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Manfeild well-placed for policies

Manfeild well-placed for policies

Caption: National Driver Training Centre project lead Michael Barbour congratulates 16-year-old Wanganui Collegiate School student Jimmy Jones, of Kiwitea, on becoming the 100th graduate of the learner driver scheme.

DRIVER training policy expected out of the new Labour-led coalition Government is wholly in tune with aims expressed by a leading locally-based national provider.

“We are in a great position to deliver on the policies expressed by Labour and by New Zealand First in their respective election campaigns,” says Michael Barbour, project lead for the National Driver Training Centre, operating from Manfeild in Feilding.

“We hope that the new administration will now prioritise their ideas about
introducing driving classes to high school students because we share their conviction that this is a matter of great importance.”

The National Driver Training Centre has already begun training the region’s students, with a high pass rate.

Sixteen-year-old Wanganui Collegiate School student Jimmy Jones, of Kiwitea, has just become the 100th graduate of the centre’s learner driver programme.

Mr Barbour said he was heartened during the run-up to the election when the Labour Party and New Zealand First each pledged to introduce training programmes and when Local Government New Zealand spoke out on the subject.

“The importance of a driver licence to perform many jobs and travel reliably to and from work is the primary factor for us undertaking the NDTC project,” Mr Barbour said.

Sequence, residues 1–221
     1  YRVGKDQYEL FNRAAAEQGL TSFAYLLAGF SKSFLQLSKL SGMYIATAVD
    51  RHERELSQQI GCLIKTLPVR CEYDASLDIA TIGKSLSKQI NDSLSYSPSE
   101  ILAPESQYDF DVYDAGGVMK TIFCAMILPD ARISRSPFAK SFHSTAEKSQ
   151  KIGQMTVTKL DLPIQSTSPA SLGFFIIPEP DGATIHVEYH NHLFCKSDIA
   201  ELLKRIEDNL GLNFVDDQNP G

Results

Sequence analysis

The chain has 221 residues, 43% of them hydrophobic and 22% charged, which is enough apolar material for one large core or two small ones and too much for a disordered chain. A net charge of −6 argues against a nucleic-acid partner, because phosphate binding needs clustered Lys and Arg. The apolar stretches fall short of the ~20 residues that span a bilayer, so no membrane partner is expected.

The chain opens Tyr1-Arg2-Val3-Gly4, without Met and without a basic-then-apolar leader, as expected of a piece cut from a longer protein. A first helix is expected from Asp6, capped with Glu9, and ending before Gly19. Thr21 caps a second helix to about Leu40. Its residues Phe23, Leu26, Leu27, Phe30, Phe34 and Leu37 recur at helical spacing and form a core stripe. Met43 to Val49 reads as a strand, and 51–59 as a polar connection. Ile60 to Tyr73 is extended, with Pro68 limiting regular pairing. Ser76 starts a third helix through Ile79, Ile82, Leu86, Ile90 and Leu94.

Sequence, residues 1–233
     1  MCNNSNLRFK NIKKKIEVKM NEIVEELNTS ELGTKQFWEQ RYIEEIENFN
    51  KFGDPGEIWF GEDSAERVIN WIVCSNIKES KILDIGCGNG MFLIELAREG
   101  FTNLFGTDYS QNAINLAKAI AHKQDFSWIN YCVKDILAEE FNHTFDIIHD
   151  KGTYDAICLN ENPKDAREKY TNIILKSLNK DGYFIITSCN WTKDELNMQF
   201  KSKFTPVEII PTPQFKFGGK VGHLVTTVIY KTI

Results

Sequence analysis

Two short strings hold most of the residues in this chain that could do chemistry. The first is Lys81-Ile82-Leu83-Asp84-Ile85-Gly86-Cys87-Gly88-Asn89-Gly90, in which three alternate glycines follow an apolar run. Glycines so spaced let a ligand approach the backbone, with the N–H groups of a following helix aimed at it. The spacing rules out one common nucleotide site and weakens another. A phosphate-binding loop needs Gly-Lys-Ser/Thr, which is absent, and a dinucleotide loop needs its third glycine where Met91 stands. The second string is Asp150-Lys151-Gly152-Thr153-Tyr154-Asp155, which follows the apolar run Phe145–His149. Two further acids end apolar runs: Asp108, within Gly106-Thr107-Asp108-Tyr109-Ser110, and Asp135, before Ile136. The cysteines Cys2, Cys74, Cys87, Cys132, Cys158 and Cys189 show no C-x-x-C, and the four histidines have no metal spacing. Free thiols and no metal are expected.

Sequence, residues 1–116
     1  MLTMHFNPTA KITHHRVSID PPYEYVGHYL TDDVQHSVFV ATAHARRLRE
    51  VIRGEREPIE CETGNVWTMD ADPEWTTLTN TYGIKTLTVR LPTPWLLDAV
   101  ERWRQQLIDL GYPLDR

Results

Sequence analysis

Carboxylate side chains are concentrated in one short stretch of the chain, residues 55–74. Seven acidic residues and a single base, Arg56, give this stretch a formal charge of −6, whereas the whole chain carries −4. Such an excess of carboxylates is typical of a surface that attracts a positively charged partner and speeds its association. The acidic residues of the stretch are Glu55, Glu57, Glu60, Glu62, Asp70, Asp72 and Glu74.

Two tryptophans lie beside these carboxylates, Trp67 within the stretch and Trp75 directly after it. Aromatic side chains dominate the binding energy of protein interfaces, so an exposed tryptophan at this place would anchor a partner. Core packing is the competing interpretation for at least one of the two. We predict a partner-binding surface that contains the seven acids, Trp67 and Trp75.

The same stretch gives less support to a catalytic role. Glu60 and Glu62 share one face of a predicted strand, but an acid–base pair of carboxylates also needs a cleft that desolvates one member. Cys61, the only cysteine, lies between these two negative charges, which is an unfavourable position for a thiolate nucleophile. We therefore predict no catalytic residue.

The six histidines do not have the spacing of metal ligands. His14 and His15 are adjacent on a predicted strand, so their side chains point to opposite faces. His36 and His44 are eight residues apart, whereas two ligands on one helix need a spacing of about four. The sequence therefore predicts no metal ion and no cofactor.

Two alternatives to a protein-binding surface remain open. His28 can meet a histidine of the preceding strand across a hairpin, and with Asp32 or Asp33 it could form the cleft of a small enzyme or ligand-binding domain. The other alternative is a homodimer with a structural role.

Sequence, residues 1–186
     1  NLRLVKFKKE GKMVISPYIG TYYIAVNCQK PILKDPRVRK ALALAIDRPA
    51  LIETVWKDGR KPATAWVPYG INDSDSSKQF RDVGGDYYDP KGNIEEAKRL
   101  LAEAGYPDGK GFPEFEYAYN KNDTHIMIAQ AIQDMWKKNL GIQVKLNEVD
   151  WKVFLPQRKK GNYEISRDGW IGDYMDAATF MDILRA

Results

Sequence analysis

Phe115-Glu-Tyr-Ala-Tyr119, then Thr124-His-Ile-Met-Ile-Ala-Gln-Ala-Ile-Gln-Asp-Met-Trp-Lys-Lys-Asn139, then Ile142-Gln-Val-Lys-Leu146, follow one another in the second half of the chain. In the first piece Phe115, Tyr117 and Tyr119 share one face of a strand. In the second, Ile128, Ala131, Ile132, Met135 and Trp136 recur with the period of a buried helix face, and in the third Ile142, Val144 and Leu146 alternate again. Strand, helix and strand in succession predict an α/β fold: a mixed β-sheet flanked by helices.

“That the two political parties which now set the political direction for our country and an organisation that speaks for all local bodies also brought this thought to the forefront during the pre-election period simply reinforced to us that we have been right in investing into our own programme.

“I believe our thought processes are mutual – we all recognise that lack of a driver licence is a significant barrier for youth seeking employment, which negatively impacts the social and economic viability of communities.”

Manfeild’s ambition to see students achieve a restricted licence, associated NCEA credits and even a defensive driving certificate before they enter the workforce, will be further explained at an invitation-only forum at Manfeild on November 21.

“We’re inviting school principals, careers advisors and gateway co-ordinators from the region’s secondary schools, corporate partners and funders to an event where we will outline our courses for 2018 and demonstrate how we intend to deliver driver licenses to secondary school students.”

The NDTC programme also stands out in New Zealand by taking a future-now step in giving students opportunity to learn to drive at the wheel of an electric car, with Toyota New Zealand provisioning three Toyota Prius PHV hatchbacks.

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